So just higher than a big heavy game, we have a small little abstract game. This one is a lot of fun because of how simple it is. You want to get to the opposite side of the board. To do that, you move your pawn one space in any direction on your turn, or you place a wall that creates a blocker for your opponent. And that’s the game, but there’s more to the game than that, as you try and set-up traps and let the other person get close and then make them back track a long ways, it’s a very interesting game and one that plays quite quickly. I think it works good at two, but I like it at four because there’s a bit more randomness to the game as you have to plan and keep track of more, but there’s also more teamwork that needs to happen as you need to work to stop people at times.

Last Year: 73

Image Source: Leder Games

85. Root

Now we’re back into bigger games with Root, an asymmetrical war game, basically, with different factions of woodland creatures vying to complete their goals in order to win the game. I like how the different factions play, the cats are all about building up and out, the woodland creatures need to take over areas and don’t start really with a board presence, the birds follow a very specific pecking order (all puns intended) of actions that build up over time. And the Vagabond just builds up their own things and can ally with people or become enemies of them. The game has an extremely long teach as you need to explain how each faction works, and that’s definitely a negative for it, but the actual actions and how to play each faction is pretty straight forward. It’s a big game but one that’s very cute on the table and doesn’t bog itself down when it comes to game play, which is a lot of fun.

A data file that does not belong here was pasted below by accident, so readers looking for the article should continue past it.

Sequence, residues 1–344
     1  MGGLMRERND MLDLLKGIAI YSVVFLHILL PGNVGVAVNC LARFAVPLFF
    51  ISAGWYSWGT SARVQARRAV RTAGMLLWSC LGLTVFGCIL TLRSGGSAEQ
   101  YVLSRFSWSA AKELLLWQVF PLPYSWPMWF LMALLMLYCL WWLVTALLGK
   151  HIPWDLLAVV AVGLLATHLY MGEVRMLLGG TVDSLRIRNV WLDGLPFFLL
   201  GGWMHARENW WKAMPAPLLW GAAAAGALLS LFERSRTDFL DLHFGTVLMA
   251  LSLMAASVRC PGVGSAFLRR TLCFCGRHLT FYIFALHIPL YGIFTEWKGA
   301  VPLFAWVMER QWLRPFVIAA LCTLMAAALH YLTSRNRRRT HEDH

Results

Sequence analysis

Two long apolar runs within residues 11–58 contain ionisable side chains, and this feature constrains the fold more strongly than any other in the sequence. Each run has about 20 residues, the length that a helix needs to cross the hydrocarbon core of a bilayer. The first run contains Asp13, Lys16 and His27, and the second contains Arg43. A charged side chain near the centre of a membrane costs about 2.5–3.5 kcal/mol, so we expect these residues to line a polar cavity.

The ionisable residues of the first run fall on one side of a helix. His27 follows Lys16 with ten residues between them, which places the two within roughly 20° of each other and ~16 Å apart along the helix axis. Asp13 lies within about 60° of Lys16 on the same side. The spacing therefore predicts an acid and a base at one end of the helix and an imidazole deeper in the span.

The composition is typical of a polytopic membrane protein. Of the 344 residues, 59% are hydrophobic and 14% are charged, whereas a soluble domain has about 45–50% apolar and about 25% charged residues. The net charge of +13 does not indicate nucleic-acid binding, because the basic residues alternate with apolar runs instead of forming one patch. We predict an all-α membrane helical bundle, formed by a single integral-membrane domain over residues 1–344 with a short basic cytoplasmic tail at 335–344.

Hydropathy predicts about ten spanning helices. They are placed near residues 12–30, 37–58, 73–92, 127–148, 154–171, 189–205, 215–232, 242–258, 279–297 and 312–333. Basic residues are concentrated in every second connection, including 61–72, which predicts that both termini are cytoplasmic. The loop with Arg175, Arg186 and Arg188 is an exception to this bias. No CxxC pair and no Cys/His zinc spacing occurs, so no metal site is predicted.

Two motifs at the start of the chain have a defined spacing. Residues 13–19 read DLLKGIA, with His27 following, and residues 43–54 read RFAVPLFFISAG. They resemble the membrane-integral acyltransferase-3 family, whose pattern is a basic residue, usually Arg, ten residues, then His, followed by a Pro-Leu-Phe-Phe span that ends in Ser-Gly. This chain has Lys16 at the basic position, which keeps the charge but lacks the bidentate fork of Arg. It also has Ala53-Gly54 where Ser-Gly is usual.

Last Year: 70

84. Age of War